SOA Quick Start
Expose your business tasks as services.
Service-oriented architecture (SOA) is an evolution in enterprise architecture, not a revolution. It captures and uses the best practices of the architectures-monolithic, two-tier and N-tier -- that came before it. Yet arriving at a common definition of SOA is not easy.
Applicability of SOA
Enterprise IT departments typically run applications that can be broadly classified into backbones and front-ends. The backbone is comprised of all the back-end systems. This includes the applications developed on J2EE, Microsoft .NET, CICS mainframes and various other technologies that contain the business logic. It also includes the stored procedures, data in the databases and data stored in various other formats. The backbone can be considered the combination of all the business tiers and data tiers of the enterprise.
The front-end layer is the combination of all the presentation tiers in the enterprise architecture. This layer includes all business channels -- those with front-ends (Web- and desktop-based) and those without front-ends (Web services and EJBs exposed to partners and clients).
Let's assume a bank relies on two applications. One is a banking application developed using Microsoft .NET used by all the employees, and the other is a J2EE-based application that deals with end-of-day batch clearance of checks to other banks.
The .NET-based banking application is used both in the cash counter and also in ATMs. As suggested by the N-tier architecture, this system will have a single business tier that caters to both of the front-ends.
The J2EE-based application has a Web interface for the treasury of the bank to validate the checks and clear them. A Web service or EJB-based interface is also provided for use with external banks to handle automated clearance of checks across banks.
In this scenario, the enterprise backbone of the bank consists of the J2EE back-end and the .NET back-end. The front-end business channels consist of the ATM interface and cash-counter interface of the .NET application, and the Web-based interface and the EJB interface of the J2EE application. These are the channels through which business is carried out by the bank.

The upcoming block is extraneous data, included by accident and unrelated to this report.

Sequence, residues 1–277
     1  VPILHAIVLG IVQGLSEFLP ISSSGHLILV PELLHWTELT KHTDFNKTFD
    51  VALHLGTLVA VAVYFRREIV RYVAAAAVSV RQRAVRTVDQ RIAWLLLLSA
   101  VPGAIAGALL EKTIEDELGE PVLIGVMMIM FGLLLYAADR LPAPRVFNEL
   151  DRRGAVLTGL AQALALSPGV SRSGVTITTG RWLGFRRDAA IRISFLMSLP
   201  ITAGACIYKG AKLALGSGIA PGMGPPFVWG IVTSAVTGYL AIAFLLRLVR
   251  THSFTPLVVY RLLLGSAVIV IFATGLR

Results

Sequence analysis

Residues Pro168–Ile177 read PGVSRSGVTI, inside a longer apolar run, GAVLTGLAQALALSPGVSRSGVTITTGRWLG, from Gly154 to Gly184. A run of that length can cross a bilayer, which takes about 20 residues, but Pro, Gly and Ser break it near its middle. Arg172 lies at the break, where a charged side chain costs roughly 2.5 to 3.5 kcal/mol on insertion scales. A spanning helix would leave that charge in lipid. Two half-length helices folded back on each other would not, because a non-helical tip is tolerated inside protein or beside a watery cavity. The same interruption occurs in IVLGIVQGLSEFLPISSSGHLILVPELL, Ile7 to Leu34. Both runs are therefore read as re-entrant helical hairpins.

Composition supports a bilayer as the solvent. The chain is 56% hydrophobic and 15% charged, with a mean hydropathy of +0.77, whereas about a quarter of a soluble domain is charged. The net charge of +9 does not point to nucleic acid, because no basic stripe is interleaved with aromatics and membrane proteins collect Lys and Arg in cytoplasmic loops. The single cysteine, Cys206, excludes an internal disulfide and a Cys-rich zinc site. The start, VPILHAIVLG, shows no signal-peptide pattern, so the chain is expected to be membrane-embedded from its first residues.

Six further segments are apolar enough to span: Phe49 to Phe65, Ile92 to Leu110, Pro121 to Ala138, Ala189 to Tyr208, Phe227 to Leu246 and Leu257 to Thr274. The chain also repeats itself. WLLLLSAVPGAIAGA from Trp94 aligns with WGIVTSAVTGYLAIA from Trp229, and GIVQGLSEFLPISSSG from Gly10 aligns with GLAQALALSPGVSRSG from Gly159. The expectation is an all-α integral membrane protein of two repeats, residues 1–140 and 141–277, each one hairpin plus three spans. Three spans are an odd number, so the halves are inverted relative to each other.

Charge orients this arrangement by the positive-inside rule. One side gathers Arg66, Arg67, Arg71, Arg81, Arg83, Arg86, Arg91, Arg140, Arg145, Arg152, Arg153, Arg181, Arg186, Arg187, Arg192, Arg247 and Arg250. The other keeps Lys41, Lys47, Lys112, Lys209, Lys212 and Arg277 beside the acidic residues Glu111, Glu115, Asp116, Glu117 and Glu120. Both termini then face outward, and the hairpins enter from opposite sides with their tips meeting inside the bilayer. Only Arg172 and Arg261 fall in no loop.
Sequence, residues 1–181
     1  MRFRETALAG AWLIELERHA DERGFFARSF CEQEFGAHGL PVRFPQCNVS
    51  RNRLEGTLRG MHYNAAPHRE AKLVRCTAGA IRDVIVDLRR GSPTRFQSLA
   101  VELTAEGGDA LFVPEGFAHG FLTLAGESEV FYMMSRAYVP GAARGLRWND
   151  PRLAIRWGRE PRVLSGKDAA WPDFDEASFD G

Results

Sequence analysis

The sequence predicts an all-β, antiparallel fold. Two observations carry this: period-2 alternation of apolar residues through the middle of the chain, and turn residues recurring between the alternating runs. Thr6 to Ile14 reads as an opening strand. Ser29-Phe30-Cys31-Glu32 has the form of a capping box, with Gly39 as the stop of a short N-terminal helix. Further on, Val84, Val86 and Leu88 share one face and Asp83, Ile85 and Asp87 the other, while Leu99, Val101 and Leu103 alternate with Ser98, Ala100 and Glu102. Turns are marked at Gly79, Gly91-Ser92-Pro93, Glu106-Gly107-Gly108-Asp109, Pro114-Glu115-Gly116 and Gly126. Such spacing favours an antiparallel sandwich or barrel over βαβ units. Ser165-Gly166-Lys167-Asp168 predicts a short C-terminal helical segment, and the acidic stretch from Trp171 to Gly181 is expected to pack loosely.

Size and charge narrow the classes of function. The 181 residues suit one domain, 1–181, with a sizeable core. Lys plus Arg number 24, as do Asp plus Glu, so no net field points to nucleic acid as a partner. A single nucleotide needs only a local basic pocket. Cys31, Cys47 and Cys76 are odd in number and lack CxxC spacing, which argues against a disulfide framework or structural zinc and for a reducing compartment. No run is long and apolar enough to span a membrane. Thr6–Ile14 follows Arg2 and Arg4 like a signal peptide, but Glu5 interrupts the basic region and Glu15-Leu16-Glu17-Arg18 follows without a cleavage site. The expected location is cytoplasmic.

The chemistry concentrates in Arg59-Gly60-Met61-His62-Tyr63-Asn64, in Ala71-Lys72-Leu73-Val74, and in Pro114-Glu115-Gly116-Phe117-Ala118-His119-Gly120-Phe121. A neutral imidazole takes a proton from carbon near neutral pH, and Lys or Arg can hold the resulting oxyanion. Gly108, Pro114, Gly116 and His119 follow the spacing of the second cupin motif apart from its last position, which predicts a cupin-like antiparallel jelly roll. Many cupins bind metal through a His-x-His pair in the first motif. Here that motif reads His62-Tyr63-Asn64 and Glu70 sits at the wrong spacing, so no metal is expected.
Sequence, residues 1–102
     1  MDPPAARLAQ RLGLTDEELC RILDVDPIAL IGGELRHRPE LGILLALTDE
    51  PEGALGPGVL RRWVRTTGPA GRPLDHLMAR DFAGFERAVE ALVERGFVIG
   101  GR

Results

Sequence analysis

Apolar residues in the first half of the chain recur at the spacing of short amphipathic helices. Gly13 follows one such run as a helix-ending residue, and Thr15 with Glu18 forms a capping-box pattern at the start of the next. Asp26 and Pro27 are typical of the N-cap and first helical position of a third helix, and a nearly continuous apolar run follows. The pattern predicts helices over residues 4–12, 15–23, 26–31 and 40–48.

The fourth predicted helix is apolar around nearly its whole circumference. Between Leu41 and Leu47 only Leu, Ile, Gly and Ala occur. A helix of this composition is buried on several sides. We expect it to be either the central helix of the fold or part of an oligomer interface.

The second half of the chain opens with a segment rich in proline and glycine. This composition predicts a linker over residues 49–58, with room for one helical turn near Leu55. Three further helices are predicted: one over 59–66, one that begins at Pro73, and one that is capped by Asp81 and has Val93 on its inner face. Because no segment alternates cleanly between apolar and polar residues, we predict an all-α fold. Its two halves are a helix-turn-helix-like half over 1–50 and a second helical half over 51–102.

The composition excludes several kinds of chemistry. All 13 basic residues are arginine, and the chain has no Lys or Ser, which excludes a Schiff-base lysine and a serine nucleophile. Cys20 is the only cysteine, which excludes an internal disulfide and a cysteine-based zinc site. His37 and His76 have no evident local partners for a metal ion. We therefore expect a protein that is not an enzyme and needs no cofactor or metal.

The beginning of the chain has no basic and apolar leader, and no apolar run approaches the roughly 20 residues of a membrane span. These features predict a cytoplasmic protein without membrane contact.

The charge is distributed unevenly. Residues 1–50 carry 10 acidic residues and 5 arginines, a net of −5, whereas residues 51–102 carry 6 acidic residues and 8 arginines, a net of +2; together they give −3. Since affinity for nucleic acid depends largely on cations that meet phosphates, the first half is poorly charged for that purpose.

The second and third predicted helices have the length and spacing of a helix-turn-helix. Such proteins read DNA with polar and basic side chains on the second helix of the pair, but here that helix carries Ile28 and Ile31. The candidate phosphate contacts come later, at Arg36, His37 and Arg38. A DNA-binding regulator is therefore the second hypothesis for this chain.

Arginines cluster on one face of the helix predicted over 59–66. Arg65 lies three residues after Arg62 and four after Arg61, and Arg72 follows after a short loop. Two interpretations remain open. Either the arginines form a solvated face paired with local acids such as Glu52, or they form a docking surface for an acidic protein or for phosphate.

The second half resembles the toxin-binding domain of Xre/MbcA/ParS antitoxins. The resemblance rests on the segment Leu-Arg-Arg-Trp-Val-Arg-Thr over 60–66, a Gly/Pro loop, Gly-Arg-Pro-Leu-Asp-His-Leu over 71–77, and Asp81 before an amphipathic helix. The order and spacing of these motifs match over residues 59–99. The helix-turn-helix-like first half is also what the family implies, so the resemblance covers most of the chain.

SOA describes a better way of organizing the enterprise backbone, and provides high flexibility -- faster response to change -- and re-use of the existing IT assets. These two characteristics make SOA attractive to enterprises.
SOA requires the backbone to be broken up into a set of services. Each service performs a specific business task. Services can be strung together to form a business process.
Consider a transfer amount business process. This process consists of business tasks like checking the account balance for transfer, debiting the source account, crediting the destination account and finally logging the whole transaction. If each of these tasks can be exposed as services, then the whole process can be built by connecting them in a desired order. For a business process such as withdrawal of money from the account, the tasks of checking the account balance and debiting the source account can be reused.
Essentially, SOA separates the process logic from the business logic. The business logic is made available as services. The process logic is constructed by linking these services. The procedure of linking the services to form a business process is also referred to as orchestration. Languages like Business Process Execution Language (BPEL) are used to build the process logic.
BPEL can be used to build the process logic, but what about the specific business task, or service? The first step in building a service is to identify the services in the system. This is best done with the help of a business analyst, who can define the reusable business tasks. In the bank example, a business analyst can help in determining whether the task of checking an account balance is a service, or if the whole transfer amount must be a service.
The next step is to implement services in a loosely coupled and autonomous manner. A service can be compared to a static method of Java that takes as input (parameters) all the data required for processing and returns the processed output. SOA mandates that a service can be invoked from any type of client independent of their implementation language or platform. Web services and SOAP technology are one way of exposing a business service.
SOA strives for maximum re-use. The existing business logic can be exposed as services by writing wrappers around it, thus making the business logic available for various systems in the heterogeneous environment. In the bank example, the Microsoft .NET front-end application can use the J2EE back-end, exposed as a service, to provide support for the external check-clearance facility for the bank employees.
[click image for larger view]
|Banking on SOA: If business tasks can be exposed as services, then the whole process can be built by connecting the services in order.
The separation of process logic from business logic makes the system more flexible. Most of the business changes are related to process logic rather than business logic, and therefore warrant only modification/ creation of the BPEL script.
If any of the business tasks are missing, only the service containing that business logic has to be developed and tested. Therefore, this architecture supports incremental development from the very foundation, reducing the overall risk, cost of change and development itself.
Srikanth Seshadri is a Java/Java EE architect for Torry Harris Business Solutions.